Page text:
Some twenty-plus years ago, my former boss taught me everything I needed to know to be successful in sales. John was from a small town in western Georgia, and with his slight southern drawl he was always bursting with catchphrases to tell a story, prove a point, and eventually bring it all around and educate me on his exceptional sales know-how. It was a special time for me, because I learned, in a very unique way, so much from a man who built his life around relationships.

I cannot recall the exact situation, but I can certainly remember the phraseology he used this one particular day: “Eat a big ‘ol piece of humble pie, Steve.” I was taken aback by the expression, but soon learned that it was John’s way of putting life and career opportunities in perspective.

Now, mind you, I said ‘opportunities,’ not ‘challenges.’ Challenges should never be called ‘challenges’… for they are indeed an opportunity for all of us to shine! And, when these ‘opportunistic’ times are too tough to handle, we need to take a step back and ponder a response before reacting.

Stopping for a moment, and looking at such situations from this viewpoint, allows us to serve up a big piece of humble pie and move forward.

Humility is never easy to swallow. But the rewards for doing so are much like whipped cream on our favorite dessert.

Saying “I’m sorry” may never be enough to those on the receiving end, but communicating, “I’m sorry…please let me make it right,” is a great way to begin.

A double scoop of whipped cream please.

“Not everyone is going to like you,” he’d say. “And, on days when there’s pain, your most cherished clients are definitely not going to like you.”

John would tell me to pause and think about my response. He’d insist on patience and modesty.

No matter if it’s you or your staff that instigated an opportunity such as this to arise, a sense of humility is a necessity in order to start the recovery process.

Understandably, we all communicate with our customers in different ways in the best of times, but it is how we communicate in the toughest of times that offers up a testament to our success. I have always stated that the hardest situations are the best times to sell and an even greater time to build relationships. We all build bonds with our empathy. We all strengthen our connections with our ability to feel our client’s pain. And, to understand our client’s needs and respond with a resounding “I am here for you” attitude will solidify your place in any market.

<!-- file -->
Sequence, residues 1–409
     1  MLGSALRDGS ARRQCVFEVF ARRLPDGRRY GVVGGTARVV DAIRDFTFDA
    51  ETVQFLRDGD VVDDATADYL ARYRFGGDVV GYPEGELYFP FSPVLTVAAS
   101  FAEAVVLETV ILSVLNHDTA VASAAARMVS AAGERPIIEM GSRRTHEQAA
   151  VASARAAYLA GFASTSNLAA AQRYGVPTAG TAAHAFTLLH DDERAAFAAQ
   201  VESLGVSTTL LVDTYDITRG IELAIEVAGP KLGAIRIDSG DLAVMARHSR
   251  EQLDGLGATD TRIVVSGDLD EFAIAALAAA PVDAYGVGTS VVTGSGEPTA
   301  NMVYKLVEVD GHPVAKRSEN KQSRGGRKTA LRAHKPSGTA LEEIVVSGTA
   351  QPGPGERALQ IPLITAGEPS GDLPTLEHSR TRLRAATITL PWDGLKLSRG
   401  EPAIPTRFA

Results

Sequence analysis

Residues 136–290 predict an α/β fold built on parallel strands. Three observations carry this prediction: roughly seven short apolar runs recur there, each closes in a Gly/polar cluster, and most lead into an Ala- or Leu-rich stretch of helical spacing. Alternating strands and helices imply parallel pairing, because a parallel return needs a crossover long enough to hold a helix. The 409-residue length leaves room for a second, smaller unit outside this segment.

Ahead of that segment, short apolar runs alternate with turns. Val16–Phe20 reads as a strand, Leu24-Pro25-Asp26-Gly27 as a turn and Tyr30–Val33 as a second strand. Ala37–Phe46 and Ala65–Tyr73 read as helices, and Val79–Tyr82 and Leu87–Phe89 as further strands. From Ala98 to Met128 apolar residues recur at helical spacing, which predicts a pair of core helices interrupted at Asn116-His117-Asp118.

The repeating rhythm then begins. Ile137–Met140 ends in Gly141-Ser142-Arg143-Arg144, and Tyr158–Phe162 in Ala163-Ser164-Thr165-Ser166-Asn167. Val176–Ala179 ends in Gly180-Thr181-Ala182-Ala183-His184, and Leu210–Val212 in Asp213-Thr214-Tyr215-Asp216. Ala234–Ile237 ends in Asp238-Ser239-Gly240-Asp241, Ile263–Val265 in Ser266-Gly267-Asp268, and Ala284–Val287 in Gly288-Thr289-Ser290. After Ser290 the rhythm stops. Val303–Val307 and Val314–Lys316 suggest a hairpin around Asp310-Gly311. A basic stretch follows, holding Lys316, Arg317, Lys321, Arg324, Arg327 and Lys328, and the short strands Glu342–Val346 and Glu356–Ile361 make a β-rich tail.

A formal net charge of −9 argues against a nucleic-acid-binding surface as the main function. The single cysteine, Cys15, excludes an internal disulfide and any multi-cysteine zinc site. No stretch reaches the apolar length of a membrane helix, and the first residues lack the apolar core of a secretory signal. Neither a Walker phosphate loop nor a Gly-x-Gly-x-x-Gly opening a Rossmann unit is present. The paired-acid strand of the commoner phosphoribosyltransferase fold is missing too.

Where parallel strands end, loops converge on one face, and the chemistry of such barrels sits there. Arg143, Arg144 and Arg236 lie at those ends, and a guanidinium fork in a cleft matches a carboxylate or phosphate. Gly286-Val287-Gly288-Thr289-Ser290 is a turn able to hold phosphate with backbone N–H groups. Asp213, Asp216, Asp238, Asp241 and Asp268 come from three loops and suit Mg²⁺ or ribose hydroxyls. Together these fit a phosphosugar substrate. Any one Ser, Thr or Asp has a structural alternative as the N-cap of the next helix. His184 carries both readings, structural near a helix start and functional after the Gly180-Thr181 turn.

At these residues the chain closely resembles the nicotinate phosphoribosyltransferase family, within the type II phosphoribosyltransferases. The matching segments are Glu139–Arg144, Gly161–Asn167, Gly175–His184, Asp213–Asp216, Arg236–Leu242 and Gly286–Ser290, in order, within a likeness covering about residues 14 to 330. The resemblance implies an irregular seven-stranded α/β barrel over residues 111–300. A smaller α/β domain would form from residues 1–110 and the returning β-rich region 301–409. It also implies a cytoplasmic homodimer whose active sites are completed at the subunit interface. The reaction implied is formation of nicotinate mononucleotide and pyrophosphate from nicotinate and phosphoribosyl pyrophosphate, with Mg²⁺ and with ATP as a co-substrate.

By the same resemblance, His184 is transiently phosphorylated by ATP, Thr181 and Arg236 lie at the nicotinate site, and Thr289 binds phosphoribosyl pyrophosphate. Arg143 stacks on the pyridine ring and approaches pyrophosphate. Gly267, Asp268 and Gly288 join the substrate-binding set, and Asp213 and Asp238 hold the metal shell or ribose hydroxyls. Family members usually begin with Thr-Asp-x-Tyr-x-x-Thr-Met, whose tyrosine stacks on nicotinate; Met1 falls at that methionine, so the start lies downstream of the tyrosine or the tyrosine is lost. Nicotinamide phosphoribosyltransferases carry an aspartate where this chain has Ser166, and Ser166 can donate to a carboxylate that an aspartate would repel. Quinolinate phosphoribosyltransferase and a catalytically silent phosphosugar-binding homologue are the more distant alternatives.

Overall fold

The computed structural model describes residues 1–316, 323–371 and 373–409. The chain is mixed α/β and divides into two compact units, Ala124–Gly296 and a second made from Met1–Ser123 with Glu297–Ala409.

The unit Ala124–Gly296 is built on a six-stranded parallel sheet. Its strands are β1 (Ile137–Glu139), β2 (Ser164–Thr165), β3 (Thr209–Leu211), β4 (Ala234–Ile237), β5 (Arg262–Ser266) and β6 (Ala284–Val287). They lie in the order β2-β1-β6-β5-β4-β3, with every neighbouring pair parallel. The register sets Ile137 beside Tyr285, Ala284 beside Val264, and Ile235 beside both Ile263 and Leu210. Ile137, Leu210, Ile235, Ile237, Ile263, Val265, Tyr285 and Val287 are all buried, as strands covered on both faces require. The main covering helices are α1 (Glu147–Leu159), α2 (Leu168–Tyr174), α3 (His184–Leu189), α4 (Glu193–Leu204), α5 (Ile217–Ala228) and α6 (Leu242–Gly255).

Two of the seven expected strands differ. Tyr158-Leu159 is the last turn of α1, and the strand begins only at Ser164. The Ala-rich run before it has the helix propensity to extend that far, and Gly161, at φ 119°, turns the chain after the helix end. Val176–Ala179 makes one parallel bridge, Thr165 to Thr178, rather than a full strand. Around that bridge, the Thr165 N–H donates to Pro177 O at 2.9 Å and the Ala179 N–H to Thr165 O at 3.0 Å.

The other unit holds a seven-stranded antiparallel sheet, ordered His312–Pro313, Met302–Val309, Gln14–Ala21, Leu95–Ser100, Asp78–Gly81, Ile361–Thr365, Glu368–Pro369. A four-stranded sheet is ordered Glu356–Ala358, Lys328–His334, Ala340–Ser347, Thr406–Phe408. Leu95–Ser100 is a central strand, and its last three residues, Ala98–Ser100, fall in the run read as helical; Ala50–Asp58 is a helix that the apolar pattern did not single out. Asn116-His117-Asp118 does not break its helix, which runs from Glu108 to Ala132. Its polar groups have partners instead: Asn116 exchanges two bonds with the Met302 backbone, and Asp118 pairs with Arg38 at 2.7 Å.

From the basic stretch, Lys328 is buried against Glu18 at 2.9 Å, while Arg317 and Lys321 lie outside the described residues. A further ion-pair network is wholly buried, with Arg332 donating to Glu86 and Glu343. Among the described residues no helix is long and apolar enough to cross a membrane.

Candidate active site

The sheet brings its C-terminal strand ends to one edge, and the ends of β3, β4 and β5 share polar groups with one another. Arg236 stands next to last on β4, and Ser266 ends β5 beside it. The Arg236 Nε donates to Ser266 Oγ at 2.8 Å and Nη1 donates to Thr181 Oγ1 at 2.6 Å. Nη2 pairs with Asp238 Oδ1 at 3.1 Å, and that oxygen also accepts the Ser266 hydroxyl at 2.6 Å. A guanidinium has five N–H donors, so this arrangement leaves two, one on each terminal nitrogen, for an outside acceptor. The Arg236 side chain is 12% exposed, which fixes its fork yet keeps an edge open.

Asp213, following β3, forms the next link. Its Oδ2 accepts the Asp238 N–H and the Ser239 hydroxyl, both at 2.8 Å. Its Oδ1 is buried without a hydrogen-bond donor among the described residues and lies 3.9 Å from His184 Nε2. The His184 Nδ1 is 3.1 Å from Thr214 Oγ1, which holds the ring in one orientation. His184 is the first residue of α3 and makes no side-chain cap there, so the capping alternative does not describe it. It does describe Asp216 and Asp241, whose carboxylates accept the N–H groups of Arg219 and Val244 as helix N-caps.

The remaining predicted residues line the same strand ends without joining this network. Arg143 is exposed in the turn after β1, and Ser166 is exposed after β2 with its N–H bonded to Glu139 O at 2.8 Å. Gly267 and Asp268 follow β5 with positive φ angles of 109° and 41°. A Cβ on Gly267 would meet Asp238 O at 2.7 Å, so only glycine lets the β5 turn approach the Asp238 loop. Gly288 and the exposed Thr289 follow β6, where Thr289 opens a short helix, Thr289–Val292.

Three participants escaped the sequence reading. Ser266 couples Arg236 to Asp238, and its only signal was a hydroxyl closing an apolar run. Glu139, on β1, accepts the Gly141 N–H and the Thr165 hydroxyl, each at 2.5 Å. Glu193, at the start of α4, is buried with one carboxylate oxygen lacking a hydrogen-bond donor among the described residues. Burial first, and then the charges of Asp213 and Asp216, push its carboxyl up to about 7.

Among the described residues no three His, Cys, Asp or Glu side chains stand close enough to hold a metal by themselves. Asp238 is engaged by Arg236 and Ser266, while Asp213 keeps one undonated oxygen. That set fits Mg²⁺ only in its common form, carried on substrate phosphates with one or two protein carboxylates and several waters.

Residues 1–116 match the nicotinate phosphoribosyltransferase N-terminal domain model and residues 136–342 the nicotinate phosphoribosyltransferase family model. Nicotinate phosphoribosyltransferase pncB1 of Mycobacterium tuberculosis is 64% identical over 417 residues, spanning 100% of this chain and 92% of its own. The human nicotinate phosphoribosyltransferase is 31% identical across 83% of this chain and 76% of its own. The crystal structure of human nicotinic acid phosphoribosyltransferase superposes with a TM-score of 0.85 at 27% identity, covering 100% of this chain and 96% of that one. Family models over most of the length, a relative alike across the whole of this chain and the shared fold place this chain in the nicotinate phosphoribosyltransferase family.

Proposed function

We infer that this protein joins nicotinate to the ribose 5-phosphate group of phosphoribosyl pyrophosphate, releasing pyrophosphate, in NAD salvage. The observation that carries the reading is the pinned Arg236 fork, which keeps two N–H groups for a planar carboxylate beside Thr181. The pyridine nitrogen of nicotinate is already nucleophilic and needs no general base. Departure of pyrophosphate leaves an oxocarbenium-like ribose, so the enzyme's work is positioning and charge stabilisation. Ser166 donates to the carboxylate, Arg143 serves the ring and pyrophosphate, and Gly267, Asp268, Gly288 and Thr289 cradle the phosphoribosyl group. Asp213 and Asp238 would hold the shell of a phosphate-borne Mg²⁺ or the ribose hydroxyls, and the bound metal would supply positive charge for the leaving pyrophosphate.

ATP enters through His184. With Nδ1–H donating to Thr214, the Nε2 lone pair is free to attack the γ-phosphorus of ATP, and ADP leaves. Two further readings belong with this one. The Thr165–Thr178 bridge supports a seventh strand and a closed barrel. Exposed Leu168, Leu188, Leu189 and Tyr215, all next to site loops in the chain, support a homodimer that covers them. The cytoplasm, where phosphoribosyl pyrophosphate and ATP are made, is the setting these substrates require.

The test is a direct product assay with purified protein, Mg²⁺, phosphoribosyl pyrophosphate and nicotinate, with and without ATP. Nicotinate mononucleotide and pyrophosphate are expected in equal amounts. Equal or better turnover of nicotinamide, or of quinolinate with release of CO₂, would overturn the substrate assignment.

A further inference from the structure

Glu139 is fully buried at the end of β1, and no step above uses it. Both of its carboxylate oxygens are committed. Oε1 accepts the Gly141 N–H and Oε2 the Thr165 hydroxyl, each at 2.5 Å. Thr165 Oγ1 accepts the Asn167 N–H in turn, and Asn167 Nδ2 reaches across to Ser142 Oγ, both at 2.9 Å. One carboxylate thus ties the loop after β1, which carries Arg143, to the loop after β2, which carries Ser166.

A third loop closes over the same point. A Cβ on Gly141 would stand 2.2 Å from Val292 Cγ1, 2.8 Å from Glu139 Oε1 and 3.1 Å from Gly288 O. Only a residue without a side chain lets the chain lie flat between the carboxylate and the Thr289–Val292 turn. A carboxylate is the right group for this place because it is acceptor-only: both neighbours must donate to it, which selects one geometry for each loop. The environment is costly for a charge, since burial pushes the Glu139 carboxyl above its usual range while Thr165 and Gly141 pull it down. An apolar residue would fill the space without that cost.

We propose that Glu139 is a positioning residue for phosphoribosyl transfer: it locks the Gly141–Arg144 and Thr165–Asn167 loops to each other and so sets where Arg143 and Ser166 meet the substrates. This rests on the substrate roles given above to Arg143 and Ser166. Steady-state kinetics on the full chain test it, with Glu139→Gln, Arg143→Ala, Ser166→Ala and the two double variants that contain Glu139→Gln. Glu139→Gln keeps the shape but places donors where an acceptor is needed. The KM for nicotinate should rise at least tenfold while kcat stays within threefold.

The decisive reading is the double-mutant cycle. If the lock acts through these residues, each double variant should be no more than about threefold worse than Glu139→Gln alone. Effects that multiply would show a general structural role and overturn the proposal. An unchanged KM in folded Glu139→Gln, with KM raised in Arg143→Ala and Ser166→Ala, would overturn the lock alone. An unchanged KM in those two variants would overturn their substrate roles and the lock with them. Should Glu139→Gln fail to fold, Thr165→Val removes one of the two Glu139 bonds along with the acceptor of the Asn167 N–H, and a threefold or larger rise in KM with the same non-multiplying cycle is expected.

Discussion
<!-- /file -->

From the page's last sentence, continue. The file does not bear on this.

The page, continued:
And, finally, we know in order to do our best to correct a bad situation we need to follow through on our promise of action.

“I apologize for our mistake. Let me make it right.”

Humble pie.

Opportunities. They allow us to build strong, long-lasting relationships. So next time you are faced with an apologetic situation, especially one that requires patience, try imagining yourself slicing up that large piece of pie. And, once you’ve communicated that ‘can-do, moving-forward’ attitude to your client, imagine putting two, three, or four extra-large scoops of whipped cream on top for good measure.

Taking the initiative, a deep breath and saying, “I am sorry,” necessitates willpower.

Perceiving challenges as opportunities requires a vision.

Recognizing that opportunities build relationships demands patience.

And, humble pie is an acquired taste.

You might just have to try a couple of slices before you understand the full meaning of humility and just how to appreciate its flavor!

Your clients will be glad you did.

Steve Shepherd

About Steve Shepherd


Steve’s entire career has been focused on helping companies to increase sales. He has sold, managed, trained and coached sales and sales management with noteworthy results. Steve’s results-oriented, highly interactive style has the ability to increase sales for many companies statewide. He makes sure the workshops are productive, interactive, and, above all, fun.